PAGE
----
on the non-invasive nature of EEG. The approach is based on the principles of non-linear dynamics and deterministic chaos that involves the characterization of the system attractors with its invariant parameters. This method is far more superior to the traditional linear methods such as the Fourier transforms and power spectral analysis [2]. Yet, since the EEG signal is non-stationary and noisy, all such studies should be carried out with care and caution [3]. Analysis of sleep EEGs is a very important research branch of medicine, because of its clinical applications (such as diagnosis of schizophrenia) and in brain dynamics research.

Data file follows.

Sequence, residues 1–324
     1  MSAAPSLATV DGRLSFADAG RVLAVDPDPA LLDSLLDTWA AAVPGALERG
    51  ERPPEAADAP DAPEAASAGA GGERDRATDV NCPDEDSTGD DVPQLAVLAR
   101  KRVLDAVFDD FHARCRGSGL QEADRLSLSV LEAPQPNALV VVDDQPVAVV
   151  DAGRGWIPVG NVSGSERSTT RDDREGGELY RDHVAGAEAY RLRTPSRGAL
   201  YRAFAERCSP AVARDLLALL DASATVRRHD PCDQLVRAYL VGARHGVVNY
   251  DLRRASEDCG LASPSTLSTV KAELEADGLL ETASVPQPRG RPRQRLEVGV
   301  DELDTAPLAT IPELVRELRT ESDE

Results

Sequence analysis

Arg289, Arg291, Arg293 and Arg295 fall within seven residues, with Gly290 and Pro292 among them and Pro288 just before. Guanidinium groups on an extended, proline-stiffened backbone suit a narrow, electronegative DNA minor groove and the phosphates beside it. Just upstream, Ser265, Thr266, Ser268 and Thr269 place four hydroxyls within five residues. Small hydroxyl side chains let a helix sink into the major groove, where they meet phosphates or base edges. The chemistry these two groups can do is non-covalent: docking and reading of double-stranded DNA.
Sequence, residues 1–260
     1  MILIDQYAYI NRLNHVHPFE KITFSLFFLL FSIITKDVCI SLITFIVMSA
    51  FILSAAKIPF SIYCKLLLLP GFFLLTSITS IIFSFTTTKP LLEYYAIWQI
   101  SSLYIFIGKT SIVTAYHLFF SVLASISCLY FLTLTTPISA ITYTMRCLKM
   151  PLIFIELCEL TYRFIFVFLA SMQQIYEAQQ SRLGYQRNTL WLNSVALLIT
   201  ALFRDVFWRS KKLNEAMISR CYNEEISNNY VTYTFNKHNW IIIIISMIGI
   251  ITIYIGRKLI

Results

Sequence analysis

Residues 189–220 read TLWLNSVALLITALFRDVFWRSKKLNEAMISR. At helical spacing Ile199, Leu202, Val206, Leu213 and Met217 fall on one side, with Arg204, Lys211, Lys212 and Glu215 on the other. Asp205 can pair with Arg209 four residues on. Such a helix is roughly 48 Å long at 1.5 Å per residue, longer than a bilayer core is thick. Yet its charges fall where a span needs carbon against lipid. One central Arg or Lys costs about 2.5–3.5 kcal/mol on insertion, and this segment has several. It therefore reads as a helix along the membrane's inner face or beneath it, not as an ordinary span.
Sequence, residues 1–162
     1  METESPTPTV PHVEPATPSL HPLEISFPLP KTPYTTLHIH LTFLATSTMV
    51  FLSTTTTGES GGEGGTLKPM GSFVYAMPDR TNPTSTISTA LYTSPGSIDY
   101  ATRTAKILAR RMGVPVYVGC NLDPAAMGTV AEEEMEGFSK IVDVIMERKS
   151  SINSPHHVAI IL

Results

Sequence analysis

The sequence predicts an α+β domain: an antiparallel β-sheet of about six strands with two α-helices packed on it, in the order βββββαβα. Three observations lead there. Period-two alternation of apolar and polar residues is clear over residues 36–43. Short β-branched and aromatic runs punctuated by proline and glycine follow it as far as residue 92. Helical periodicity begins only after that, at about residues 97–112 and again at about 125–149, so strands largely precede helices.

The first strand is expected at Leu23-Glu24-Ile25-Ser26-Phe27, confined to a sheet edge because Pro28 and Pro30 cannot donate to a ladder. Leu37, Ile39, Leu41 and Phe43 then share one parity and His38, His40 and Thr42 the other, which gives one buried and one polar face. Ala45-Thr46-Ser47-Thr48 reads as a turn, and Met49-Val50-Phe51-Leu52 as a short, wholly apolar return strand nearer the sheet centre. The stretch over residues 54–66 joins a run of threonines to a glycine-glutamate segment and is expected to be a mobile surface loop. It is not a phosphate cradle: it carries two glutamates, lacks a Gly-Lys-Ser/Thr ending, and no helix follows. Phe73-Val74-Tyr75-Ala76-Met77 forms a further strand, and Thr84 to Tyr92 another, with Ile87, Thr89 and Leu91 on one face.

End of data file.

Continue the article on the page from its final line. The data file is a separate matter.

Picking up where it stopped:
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Recently. The recordings were obtained from Caucasian males and females (21—35 years old) without any medication.1. extremely slow brain waves called delta waves begin to appear. Efforts have been made in determining non-linear parameters like correlation dimension for pathological signals and it has been shown that they are useful indicators of pathologies. Fell et al. In this work. but the frequency will be less than 2 Hz. By stage 4 (deep sleep. In this work. the brain produces delta waves. NonREM sleep encompasses the deeper stages of sleep (sleep stages 1 and 2. The technique has been extended here to identify the abnormalities of different types. Non-linear dynamics theory opens new window for understanding behavior of EEG. interspersed with smaller. This sample size is sufficient for accurate analysis and gives better sample sizes distribution across the various sleep states. a data resource. In stage 4. Subjects The EEG data for analysis were obtained from the Sleep-EDF Database available from the PhysioBank. where the eye movements stop and our brain waves become slower. It is very difficult to wake someone during stages 3 and 4. has long been recognized in the area of non-linear analysis. have studied the sleep stages using the spectral analysis and nonlinear techniques [22. In this state. have used neural network to classify the various sleep stages by extracting the features from the genetic algorithms [18]. measures such as correlation dimension. EEG signal will have the frequency 1—3 Hz and amplitude will be high. . which exhibits typically complex dynamics. The nonlinear dynamical techniques are based on the concept of chaos and it has been applied to many areas including the areas of medicine and biology. Eyes move very slowly. whereas REM sleep is a highly activated state of the brain accompanied by dreaming. EEG models were proposed by Freeman [11] for neocortical dynamics. Hurst exponent (H). fractal dimension (FD). The recordings were taken for 24 h from eight subjects. The correlation dimensions decreased from the ‘awake’ stage to sleep stages 1—3 and increased during rapid eye movement sleep. In analysis of EEG data. And they found statistically significant differences between the values of L1 for different sleep stages [21]. namely correlation dimension (CD). In each sleep cycle. Sleep 2 stage is the light sleep state. The most consistent significant change is the decrease in theta power.U. In sleep 0 (awake) stage. Several features of these approaches have been proposed to detect the hidden important dynamical properties of the physiological phenomenon. faster waves. phase space plot and recurrence plots (RP). The sleep stages are coded according to Rechtschaffen and Kales based on Fpz-Cz/Pz-Oz EEG [25]. Baumgaurt-Schmitt et al. Fell et al. The subject’s eyes move rapidly along with the occasional muscular twitches in sleep 5 (REM) stage. Theta wave is more predominant in this sleep stage. different chaotic A. Sleep patterns in humans undergo a marked change from birth to old age. Lyapunov exponent and entropy are used in recent literature [12—17]. largest Lyapunov entropy (LLE). slow wave sleep).38 Sleep is not a uniform state. the polysomnography of a healthy male subject was analyzed by evaluating the correlation dimensions. The voltage is low and the ‘‘beta waves’’ are prominent. Dingli et al. The theory of chaos has been used to detect some cardiac arrhythmia such as ventricular fibrillation [10]. Recently. the patient’s eyes are open and the EEG is rapidly varying. approximate entropy (ApEn). but is characterized by a cyclic alternating pattern of non-rapid eye movement (REM) and REM sleep [4—9]. They concluded that nonlinear measures yield additional information. which improves the ability to discriminate sleep stages. we study the six different types of sleep signals using the non-linear parameters. Special waves ‘K-complexes’ and sleep spindles begin to appear. and increase for REM sleep [19. The analysis of these biological signals is complicated due to its highly irregular and non-stationary property. Methodology 2. the amplitude of EEG will be high.20]. and slow wave sleep with sleep stages 3 and 4). In stage 3 (deep sleep). Sleep EEG for 80 h is extracted from the recordings and sampled at 100 Hz. the correlation dimensions decrease for slow wave sleep. the maximum available samples for different sleep states were taken from the PhysioBank. Rajendra et al. have calculated the first Lyapunov exponents (L1 ) for different sleep EEG signal in 15 healthy subjects corresponding to the sleep stages 1—4 and REM. EEG amplitude is medium and EEG frequency is 4—7 Hz. during NREM sleep is either associated with an increase in high frequencies (alpha and sigma) or delta increase [24]. the EEG frequency will be 6—8 Hz and alpha waves are more predominant in the sleep 1 (drowsiness) stage. except for sleep state 0. have shown the spectral analysis technique for the detection of cortical activity changes in sleep apnoea subjects. which together are called deep sleep.23]. 2. The importance of the biological time-series analysis. where 1500 samples were selected.